“People have asked me, ‘What kind of scars will I have, what colour stitching will you use?’” says Jamal-Hanjani. She tells them that the stitching is subcutaneous – under the skin – and uses flesh-coloured thread. “If it’s not a cremation, families sometimes haven’t had time to view the body, and they’ll do it after an autopsy, so we’ll try to minimise any incisions,” she explains. But beyond this, she takes such care because she believes the team is “so privileged. Some patients say, ‘When I’m dead, I’m dead … I don’t care what you do with my body.’ But for me, that respect and dignity that we try to maintain when patients are alive – that’s got to follow through even after death.”
The first person Jamal-Hanjani recruited to the PEACE study was 19 years old. A Cambridge University undergraduate studying politics, philosophy and economics, she was at the top of her class and had a bright future. But cancer is not one to discriminate, and, despite her youth, intelligence and ambitions, she died within 18 months.
“That first conversation really stayed with me,” Jamal-Hanjani remembers. “She was so bright, so interested in what we were doing. She asked real specific questions. She wanted to know what would happen to her eyes. Would her body be scarred, would there be bruising? She cared about the research, but also what her family would be left with.”
Approaching a patient about signing up to the study can be difficult. In the case of this young woman, “I told her that donating herself to medical science could help us to learn why some patients develop drug resistance and why, in her case, we didn’t have any treatment options that would work for her,” Jamal-Hanjani says. “I made it clear that she wouldn’t benefit from any of this herself.”
In the end, the team never did get to fulfil the student’s wish and go through with her autopsy. At that time, the project leader was heavily pregnant, and the study was in its early stages and had few resources. But the patient had also got married shortly before her death, and the sense was that her husband was not comfortable with the agreement. “It was bittersweet,” Jamal-Hanjani says. “I really do feel strongly that we must try to keep the patient’s living wish. I couldn’t do that for her, but I feel comfortable that I respected the wishes of her family whom she loved.”
More than this, Jamal-Hanjani says the student gave her the push she needed in those early stages of the project. “She taught me that there are patients out there who want to selflessly give like this – because they want to help research, because they know that’s how other patients might benefit in the future,” she says. “Before then, I had patients come to me and ask if there was anything they could do – for instance, donate their organs after death. With her, it was the first time I could say: ‘Here’s a study you could be involved in. I have something for you.’ We may not have collected samples from her, but at that point in my life she really motivated me to make it happen for others.”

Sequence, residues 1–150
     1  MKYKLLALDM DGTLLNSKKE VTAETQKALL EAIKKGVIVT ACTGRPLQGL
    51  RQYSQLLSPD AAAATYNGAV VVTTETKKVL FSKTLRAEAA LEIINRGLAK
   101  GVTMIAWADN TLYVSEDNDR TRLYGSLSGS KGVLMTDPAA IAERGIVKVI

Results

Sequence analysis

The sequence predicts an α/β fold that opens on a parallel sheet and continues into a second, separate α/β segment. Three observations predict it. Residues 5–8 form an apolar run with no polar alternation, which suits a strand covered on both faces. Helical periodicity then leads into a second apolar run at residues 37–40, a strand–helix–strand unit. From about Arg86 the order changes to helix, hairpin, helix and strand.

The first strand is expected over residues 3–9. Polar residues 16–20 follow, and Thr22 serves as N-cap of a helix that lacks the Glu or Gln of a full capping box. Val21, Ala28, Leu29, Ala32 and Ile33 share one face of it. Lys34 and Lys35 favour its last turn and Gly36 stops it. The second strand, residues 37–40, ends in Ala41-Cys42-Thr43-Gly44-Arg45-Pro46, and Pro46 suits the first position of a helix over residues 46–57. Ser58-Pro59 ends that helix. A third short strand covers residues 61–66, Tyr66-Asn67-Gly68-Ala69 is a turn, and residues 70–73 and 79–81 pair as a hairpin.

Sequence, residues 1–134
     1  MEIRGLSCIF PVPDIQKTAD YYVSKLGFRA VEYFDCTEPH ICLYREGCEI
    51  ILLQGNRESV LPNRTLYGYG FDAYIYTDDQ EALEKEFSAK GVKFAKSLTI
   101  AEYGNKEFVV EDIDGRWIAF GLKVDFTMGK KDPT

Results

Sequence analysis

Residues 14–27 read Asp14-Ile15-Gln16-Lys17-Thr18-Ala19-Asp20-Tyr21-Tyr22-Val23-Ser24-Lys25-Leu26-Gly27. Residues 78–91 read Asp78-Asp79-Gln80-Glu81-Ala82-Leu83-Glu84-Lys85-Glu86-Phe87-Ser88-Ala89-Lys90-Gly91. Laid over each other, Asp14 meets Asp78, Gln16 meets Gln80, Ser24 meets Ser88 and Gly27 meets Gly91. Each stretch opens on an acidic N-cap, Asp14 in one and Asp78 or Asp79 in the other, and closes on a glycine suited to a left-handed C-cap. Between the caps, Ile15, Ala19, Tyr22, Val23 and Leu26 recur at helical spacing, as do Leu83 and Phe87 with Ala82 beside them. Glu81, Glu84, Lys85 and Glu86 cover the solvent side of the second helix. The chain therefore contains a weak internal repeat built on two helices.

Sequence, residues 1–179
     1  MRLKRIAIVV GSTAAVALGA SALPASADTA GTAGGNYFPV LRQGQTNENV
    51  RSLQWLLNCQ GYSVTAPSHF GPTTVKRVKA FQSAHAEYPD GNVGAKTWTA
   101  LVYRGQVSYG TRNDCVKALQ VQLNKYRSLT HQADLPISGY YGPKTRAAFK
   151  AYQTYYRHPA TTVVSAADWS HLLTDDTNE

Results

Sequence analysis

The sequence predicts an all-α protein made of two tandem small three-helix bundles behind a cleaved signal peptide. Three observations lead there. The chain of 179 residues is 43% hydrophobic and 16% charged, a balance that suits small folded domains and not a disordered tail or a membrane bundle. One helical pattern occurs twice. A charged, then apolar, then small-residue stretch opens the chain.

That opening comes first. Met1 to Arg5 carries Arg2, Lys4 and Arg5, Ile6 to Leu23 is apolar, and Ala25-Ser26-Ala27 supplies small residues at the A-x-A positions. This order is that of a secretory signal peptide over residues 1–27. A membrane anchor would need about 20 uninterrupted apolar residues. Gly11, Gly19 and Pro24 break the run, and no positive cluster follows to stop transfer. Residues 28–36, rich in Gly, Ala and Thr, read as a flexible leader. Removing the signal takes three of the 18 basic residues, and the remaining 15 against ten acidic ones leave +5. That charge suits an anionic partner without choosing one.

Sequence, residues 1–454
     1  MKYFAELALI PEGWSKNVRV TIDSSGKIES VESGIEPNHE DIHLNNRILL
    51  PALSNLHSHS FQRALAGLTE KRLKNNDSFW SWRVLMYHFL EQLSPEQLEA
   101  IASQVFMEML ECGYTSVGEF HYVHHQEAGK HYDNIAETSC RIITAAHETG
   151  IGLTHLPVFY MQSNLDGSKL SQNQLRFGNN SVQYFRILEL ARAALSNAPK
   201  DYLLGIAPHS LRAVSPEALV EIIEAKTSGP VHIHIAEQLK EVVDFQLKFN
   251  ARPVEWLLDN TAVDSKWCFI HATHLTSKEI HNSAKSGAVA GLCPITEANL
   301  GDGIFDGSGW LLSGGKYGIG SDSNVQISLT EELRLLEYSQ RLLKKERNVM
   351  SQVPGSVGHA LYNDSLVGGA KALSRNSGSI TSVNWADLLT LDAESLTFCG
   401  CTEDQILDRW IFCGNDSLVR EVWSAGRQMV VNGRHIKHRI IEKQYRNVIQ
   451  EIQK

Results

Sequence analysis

Usually, a patient is approached to join the study by Jamal-Hanjani or a fellow clinician, but sometimes individuals get in touch themselves after hearing about it through their doctor or online. To date, the project has recruited around 190 patients across the UK and completed more than 100 autopsies. Initially starting as a collaboration between the Francis Crick Institute and the nearby University College Hospital, the programme has expanded to include ten sites across Britain, including Glasgow, Sheffield, Southampton and Birmingham. The study is potentially open to anyone with tumours that have spread, but Jamal-Hanjani is cautious about who she recruits, and has turned people down if there is a chance their tissue would not be useful for the study.
On the flipside, there have been cases where patients are included who have not had the chance to personally consent while alive. “The study was set up with doctors and scientists, but also really heavy and ongoing input from patient advocacy groups,” she explains. “The feedback we had was that patients still want to be part of this study but maybe they’re physically not well enough to come and give consent.” At a certain point, a patient may have given power of attorney to a close relative – so a family might give consent on the patient’s behalf. Jamal-Hanjani admits it is difficult to that sort of patient down.
Every funded research project has targets. On paper, PEACE’s aim is to perform 500 research autopsies in five years. In reality, it is not on track. “It’s rather ambitious because, logistically, this study has been a nightmare,” says Jamal-Hanjani. “These patients can die anywhere. At home, in a hospice, in another hospital. They can be hours away from where we perform the autopsies. We don’t always know when a patient has died, simply that interaction with the family’s relatives after death can be incredibly difficult for us and for them.”